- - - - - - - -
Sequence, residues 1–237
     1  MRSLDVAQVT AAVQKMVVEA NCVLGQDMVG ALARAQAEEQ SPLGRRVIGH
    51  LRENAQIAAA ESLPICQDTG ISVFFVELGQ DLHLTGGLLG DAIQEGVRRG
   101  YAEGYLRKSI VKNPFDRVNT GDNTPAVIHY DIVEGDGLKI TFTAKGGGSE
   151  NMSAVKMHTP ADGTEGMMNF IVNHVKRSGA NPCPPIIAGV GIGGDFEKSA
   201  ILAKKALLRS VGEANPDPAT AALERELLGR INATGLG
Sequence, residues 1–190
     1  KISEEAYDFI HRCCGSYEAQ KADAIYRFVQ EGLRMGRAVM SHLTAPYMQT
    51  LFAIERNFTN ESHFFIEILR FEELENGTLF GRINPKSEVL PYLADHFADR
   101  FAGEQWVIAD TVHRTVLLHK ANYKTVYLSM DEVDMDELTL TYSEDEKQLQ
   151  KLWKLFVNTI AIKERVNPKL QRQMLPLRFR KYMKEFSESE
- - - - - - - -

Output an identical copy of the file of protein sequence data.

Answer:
Sequence, residues 1–237
     1  MRSLDVAQVT AAVQKMVVEA NCVLGQDMVG ALARAQAEEQ SPLGRRVIGH
    51  LRENAQIAAA ESLPICQDTG ISVFFVELGQ DLHLTGGLLG DAIQEGVRRG
   101  YAEGYLRKSI VKNPFDRVNT GDNTPAVIHY DIVEGDGLKI TFTAKGGGSE
   151  NMSAVKMHTP ADGTEGMMNF IVNHVKRSGA NPCPPIIAGV GIGGDFEKSA
   201  ILAKKALLRS VGEANPDPAT AALERELLGR INATGLG
Sequence, residues 1–190
     1  KISEEAYDFI HRCCGSYEAQ KADAIYRFVQ EGLRMGRAVM SHLTAPYMQT
    51  LFAIERNFTN ESHFFIEILR FEELENGTLF GRINPKSEVL PYLADHFADR
   101  FAGEQWVIAD TVHRTVLLHK ANYKTVYLSM DEVDMDELTL TYSEDEKQLQ
   151  KLWKLFVNTI AIKERVNPKL QRQMLPLRFR KYMKEFSESE